SiFive Launches 7 Series, Their Highest Performance RISC-V Cores
Last week SiFive introduced their 7 Series, the company’s highest-performance RISC-V IP cores. The 7 Series brings significant improvements over the prior 5 Series including what they claim is roughly 60% improvement in CoreMarks/MHz, 40% improvement in DMIPS/MHz, and 10% higher frequency. SiFive says those are the highest performance commercial RISC-V cores on the market.
SiFive’s 7 Series is a family of configurable RISC-V cores. They are SiFive newest addition to their Core Designer, a unique a la carte designer that allows customers to further tweak the base design and the microarchitecture to match their needs. Within their 7 Series, SiFive offers three base configurations with known PPAs that customers can start off with.
There are three sub-series: E7, S7, and U7. For the most part, those follow SiFive consistent naming scheme. The S7 is a new series that is being introduced with 7 Series which brings 64-bit support for embedded applications. It’s worth noting that all three subseries share the same base architecture and most of the feature set.
The basic 7 Series block is a complete cluster which can incorporate up to 9 (8+1) cores. The combination of cores, as well as the type of memory, can be configured. For example, a single cluster can incorporate a number of S7 cores along with U7 cores and those cores can have tightly integrated memory (TIM) or standard caches with ECC. SiFive also allows for custom instructions through the use of RISC-V custom extension abilities. By the way, those clusters need not incorporate just 7 Series cores. SiFive supports mixing 7 Series with other cores such as their high-efficiency 2 Series cores.
This design scales further with up to roughly 64 of those clusters can be integrated on a single chip via TileLink.
Within the 7 Series, all the cores are based on the same underlying microarchitecture. 7 Series is based on a new 8-stage pipeline. Prior series (i.e., E3/E5) were based on a 5-7 stage design. The new pipeline is now wider too. This is a dual-issue in-order design.
SiFive improved the memory subsystem a fair bit. One improvement that was made is 0-cycle load-to-use latency. This is done through the use of two ALUs for both pipes (at the address generation stage and at the M2 stage), enabling an ALU operation after a data load operations. There is also optional configurable cache and instruction TIM as well as optional data TIM.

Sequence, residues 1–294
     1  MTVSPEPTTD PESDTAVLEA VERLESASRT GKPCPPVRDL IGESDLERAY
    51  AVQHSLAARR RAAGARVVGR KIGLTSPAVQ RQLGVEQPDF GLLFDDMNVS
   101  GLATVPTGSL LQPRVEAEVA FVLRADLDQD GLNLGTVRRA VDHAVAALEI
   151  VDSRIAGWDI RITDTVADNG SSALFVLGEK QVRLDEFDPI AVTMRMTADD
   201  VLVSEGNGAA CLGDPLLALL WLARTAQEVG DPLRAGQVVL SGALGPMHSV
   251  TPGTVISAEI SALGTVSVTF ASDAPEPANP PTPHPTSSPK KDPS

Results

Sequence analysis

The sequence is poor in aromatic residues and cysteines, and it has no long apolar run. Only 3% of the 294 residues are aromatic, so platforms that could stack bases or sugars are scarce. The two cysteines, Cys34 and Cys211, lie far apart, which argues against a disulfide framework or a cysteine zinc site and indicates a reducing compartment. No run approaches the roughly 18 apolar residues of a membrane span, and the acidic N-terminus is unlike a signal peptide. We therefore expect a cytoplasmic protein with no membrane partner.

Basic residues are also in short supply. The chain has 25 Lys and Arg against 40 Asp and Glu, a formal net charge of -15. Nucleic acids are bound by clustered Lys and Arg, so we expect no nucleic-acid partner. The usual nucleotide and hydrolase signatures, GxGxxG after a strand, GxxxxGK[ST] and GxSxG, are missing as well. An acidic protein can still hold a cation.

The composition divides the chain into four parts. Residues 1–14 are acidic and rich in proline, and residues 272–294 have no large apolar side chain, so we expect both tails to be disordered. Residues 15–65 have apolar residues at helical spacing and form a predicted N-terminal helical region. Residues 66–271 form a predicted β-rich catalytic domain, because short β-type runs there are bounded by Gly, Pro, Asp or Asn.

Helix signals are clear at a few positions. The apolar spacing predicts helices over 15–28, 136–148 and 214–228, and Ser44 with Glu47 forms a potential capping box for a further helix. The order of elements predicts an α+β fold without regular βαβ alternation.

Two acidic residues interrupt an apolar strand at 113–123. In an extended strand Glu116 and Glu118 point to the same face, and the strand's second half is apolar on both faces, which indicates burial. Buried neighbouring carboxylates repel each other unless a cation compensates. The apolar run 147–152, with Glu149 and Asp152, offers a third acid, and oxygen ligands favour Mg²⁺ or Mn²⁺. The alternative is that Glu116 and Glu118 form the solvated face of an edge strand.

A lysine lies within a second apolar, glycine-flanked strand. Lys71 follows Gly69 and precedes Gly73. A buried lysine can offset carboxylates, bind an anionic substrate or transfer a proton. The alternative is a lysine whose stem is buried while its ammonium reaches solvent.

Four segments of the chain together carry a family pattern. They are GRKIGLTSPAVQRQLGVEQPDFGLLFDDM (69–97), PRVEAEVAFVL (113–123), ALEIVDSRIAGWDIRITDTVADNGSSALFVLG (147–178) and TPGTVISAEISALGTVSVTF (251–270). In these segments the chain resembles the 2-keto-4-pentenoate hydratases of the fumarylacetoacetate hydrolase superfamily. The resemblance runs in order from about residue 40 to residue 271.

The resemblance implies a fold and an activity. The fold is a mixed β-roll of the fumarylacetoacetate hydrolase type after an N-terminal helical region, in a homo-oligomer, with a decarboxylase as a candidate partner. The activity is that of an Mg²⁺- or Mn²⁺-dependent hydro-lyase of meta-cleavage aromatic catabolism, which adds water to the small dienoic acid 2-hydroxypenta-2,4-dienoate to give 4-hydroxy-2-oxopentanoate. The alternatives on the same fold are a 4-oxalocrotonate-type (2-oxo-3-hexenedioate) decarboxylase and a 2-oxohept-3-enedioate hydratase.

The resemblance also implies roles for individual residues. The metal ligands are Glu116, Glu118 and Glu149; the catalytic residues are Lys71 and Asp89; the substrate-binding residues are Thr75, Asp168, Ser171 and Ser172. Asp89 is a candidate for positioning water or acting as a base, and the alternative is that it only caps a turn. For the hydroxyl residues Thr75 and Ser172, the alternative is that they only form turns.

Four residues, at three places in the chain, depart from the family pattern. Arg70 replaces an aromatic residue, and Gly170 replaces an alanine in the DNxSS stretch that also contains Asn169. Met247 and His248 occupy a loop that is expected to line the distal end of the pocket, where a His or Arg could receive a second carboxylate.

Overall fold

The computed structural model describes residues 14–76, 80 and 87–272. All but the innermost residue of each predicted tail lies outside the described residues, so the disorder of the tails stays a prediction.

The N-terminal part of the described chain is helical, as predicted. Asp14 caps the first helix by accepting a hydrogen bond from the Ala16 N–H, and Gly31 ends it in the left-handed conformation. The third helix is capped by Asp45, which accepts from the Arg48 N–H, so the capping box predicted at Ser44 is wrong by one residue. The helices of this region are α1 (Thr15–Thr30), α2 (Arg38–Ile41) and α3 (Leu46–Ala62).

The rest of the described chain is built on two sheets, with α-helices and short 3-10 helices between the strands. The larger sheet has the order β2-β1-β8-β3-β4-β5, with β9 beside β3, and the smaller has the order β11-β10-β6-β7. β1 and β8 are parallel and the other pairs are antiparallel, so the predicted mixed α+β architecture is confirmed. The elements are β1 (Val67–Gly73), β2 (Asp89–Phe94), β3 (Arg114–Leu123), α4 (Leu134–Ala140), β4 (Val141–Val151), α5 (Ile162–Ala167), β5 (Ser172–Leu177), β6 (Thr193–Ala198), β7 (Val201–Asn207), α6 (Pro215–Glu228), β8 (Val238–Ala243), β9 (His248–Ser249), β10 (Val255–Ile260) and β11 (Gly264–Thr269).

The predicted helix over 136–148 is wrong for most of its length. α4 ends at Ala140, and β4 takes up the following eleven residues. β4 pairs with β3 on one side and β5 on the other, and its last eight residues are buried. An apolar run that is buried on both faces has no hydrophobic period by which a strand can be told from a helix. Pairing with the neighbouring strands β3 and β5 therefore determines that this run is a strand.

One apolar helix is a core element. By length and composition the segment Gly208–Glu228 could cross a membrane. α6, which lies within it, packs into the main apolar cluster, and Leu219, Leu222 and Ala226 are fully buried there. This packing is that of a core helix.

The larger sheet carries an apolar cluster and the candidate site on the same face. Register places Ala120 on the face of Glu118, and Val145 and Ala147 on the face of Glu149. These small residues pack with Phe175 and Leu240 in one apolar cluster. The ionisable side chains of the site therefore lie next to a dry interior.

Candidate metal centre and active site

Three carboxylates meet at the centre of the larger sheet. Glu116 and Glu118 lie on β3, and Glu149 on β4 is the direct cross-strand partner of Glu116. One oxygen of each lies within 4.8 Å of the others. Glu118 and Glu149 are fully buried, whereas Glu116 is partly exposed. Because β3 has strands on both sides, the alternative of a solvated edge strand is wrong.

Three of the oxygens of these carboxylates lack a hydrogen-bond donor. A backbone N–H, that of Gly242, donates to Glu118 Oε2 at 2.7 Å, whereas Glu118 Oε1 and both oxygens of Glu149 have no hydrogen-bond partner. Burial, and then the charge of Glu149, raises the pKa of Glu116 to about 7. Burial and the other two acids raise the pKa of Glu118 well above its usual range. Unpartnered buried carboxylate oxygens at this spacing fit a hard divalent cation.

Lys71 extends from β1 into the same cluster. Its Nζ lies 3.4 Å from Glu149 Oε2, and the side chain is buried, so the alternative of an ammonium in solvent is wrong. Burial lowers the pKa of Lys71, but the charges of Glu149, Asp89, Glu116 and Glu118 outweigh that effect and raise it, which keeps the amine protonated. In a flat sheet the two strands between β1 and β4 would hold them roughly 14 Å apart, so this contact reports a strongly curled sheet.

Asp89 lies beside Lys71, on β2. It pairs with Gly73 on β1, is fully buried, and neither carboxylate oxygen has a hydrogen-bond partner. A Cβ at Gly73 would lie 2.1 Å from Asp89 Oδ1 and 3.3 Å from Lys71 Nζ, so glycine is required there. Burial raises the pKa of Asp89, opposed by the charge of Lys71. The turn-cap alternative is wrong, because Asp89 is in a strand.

SiFive also added what they call the fast I/O port (FIO Port). The FIO port is optional and is attached directly to the core and is designed to serve as a low-latency interface directly between the core and a large attached SRAM or an accelerator.
One thing to note is that the FIO port also interfaces with main core cluster bus, allowing other cores to see those accelerators or additional memory in a coherent way.
SiFive says lead customers already have RTL for the 7 Series and are working on tapeouts for 2019.
It’s often said that the product release cycle can be used as a proxy for motoring the health of a company. SiFive is operating on a very aggressive design cycle.
|2018 Product Release|
|Feb. 7, 2018||Freedom U540 SoC|
|June 25, 2018||E2 Series|
|October 31, 2018||7 Series|
It’s hard to quantify their success just yet but we do know they have scored a number of design wins this year including FADU’s SSD controllers that will use SiFive E51 multicore IP cores and Huami who is designing wearables powered by RISC-V. Earlier this year SiFive secured a $50.6 million Series C funding, bringing the total investment in SiFive to $64.1 million. WikiChip expects SiFive aggressive development cycle to continue with more powerful, likely out-of-order, cores in the future.
Derived WikiChip articles: 7 Series.